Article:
A Tax Guide To Payroll Withholding

By:    Updated: March 11,2017

Employers typically withhold money from employee paychecks and use it to make tax payments to the IRS in each employee's name. However, employees can opt to have additional funds withheld from their paychecks. The theory for additional withholding is that the over-payment in taxes will result in a tax refund check or it will make sure that the employee does not owe a significant amount of money to the IRS when tax season rolls around. Opinions are divided on whether asking your employer to withhold additional funds is a sound financial decision. Here's a look at some of the pros and cons of withholding too much or too little from your paycheck.

Withholding 101

The amount of money withheld from an individual's paycheck is dependent upon a number of factors. These include:

  • Filing status (married filing jointly, married filing separately, single)
  • Number of dependents claimed
  • Head of household status
  • Child care credits and expenses

Employees must supply this information to their employer via an IRS Form W-4, which is used to calculate how much tax should be withheld by the company. Employees can also opt to specify a dollar amount above and beyond the calculated tax estimate that should be withheld from paychecks. This strategy is used by some tax payers in order to get a larger tax refund on April 15 of the following year.

Why Withhold?

To Save Money: Some individuals choose to use withholding as a savings strategy. They believe that withholding additional funds will result in a large refund check that can be used to pay off debt, make large purchases or fund a vacation. For some tax payers, this is an easy way to save money. Some people have a hard time committing to savings if they have easy access to their funds through a savings account. When additional money is withheld from paychecks, however, there's no way to access it until taxes are filed and a refund is issued.


To Avoid A Large Tax Bill During Tax Season: According to personal tax software maker Intuit, many people also withhold additional funds because they are trying to avoid a tax bill during tax season. If they withhold the right amount of funds for their paycheck, then they will not have to pay a significant tax bill when they file their taxes. In fact, they might even get a refund for overpaying.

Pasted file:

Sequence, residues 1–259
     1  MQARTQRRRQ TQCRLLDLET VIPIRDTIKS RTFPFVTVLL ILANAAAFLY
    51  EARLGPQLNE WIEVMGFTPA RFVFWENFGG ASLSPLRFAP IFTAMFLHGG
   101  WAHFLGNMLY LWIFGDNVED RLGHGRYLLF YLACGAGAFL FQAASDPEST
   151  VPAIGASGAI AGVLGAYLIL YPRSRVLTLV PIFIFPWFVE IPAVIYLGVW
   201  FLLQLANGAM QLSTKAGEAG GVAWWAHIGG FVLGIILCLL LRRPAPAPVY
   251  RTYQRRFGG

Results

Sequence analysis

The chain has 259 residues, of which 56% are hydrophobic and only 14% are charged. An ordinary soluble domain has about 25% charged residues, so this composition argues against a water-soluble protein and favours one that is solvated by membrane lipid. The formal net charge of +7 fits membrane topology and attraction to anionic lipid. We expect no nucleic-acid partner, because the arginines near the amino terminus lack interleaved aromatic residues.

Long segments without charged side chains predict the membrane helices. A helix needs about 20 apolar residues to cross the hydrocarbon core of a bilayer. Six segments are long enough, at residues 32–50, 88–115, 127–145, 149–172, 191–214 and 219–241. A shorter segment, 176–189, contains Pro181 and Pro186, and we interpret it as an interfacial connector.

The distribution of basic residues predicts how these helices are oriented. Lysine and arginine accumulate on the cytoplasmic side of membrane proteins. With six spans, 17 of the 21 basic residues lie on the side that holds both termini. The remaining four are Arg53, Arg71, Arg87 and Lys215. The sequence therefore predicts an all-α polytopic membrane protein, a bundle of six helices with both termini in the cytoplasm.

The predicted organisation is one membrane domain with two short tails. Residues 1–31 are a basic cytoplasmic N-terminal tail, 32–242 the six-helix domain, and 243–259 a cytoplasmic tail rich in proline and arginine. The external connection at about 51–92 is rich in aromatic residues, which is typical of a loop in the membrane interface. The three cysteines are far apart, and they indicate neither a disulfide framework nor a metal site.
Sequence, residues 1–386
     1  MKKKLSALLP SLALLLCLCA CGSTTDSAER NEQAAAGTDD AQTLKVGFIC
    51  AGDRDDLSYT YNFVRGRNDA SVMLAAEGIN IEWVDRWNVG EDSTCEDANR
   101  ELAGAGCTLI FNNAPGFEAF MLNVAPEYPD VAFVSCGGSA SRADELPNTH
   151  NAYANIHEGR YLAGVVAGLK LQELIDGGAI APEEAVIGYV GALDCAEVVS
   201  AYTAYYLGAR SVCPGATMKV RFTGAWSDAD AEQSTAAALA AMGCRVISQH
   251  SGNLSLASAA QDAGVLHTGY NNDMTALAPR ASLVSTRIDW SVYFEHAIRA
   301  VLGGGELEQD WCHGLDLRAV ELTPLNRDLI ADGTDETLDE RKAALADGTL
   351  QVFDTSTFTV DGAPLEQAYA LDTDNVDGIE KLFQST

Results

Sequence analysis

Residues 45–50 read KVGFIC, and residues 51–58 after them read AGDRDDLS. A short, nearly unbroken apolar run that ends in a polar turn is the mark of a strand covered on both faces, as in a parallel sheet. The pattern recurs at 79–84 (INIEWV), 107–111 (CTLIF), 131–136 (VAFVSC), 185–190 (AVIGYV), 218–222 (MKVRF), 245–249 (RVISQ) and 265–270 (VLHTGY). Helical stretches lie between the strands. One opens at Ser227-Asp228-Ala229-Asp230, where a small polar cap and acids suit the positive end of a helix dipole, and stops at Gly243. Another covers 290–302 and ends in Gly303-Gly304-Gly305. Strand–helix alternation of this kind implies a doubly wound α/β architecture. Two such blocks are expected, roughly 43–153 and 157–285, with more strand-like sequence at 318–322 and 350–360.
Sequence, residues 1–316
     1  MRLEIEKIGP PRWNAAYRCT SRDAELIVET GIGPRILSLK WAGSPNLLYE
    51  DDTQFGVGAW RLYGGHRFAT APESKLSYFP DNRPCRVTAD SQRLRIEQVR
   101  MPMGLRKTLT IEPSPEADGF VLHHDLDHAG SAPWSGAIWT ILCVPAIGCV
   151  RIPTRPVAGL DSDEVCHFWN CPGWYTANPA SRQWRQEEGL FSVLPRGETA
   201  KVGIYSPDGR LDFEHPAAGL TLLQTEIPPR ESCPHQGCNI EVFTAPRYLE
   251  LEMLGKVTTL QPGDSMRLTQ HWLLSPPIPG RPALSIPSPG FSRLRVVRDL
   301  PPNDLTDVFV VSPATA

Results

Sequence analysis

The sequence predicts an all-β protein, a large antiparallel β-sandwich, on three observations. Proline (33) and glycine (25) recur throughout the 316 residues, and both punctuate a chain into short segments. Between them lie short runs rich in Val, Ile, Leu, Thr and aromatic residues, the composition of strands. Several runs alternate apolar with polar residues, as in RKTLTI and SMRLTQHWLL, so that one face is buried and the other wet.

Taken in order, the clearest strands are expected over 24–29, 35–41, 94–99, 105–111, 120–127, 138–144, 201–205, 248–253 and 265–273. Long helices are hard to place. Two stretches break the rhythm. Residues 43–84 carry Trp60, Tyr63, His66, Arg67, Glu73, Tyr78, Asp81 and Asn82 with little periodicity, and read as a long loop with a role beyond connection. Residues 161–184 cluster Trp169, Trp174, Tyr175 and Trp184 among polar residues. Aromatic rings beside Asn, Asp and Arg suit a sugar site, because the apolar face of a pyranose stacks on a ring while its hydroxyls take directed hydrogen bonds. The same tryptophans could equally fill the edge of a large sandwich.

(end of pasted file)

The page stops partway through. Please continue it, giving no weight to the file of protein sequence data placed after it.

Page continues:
The Case Against Withholding

On the other hand, some tax experts say tweaking your withholding amount isn't a wise idea. Essentially, taxpayers that withhold additional funds are giving the federal government an interest-free loan. Even if you've withheld twice as much as you actually owe, you won't receive an additional dime in interest from the IRS when tax time rolls around. Rather than allow the government to utilize your hard-earned money as an interest-free loan, some financial experts say it's better to have the additional money automatically transferred to a savings or investment account. This way, your money can earn interest throughout the year.


In an article for MSN's Money Central, Jeff Schnepper points out that there's a psychological benefit most people get from knowing they have a big refund check coming from the IRS each year. However, he recommends decreasing withholding to the specific amount you'll owe the IRS each year. This will allow you to earn interest on your money instead of getting it back interest-free from the IRS after tax season.

Extenuating Circumstances

Making the choice to withhold additional funds isn't a cut-and-dry exercise. According to Fairmark.com, some taxpayers have other circumstances that might make it worthwhile to opt for additional withholding. Income from a business, investments, capital gains or stock dividends can change the way you look at your withholding situation.


Each of these circumstances could mean a taxpayer should be making quarterly estimated tax payments to the IRS. If these types of income are supplemented by standard W-2 employment, however, it's possible to choose additional withholding to compensate for other sources of income. This helps taxpayers avoid the hassle of making quarterly estimated payments and it can reduce the likelihood of having to pay a penalty for under-payment.


If using this strategy, Fairmark advises using the additional withholding option to specify a certain dollar amount. Simply increasing allowances is ambiguous in terms of how much it will actually affect the amount withheld. Therefore, taxpayers who know how much investment or business income they will incur throughout the year should specify an accurate amount to withhold that will cover the additional taxes due.


It's always advisable to seek the counsel of an accountant or other tax expert when business income comes into play. There are various ways to handle tax payments in these situations, and a certified public accountant can offer the best advice for each individual's financial situation.


So should you withhold additional funds this year? If you have additional income from a personal business or investment portfolio, additional employer withholding lifts the burden of having to pay quarterly estimated tax payments and can decrease the risk of under-payment penalties. Alternatively, using additional withholding as a forced savings account can be useful for those who have difficulty saving. However, for many people, additional withholding does little more than provide the government with an interest-free loan.

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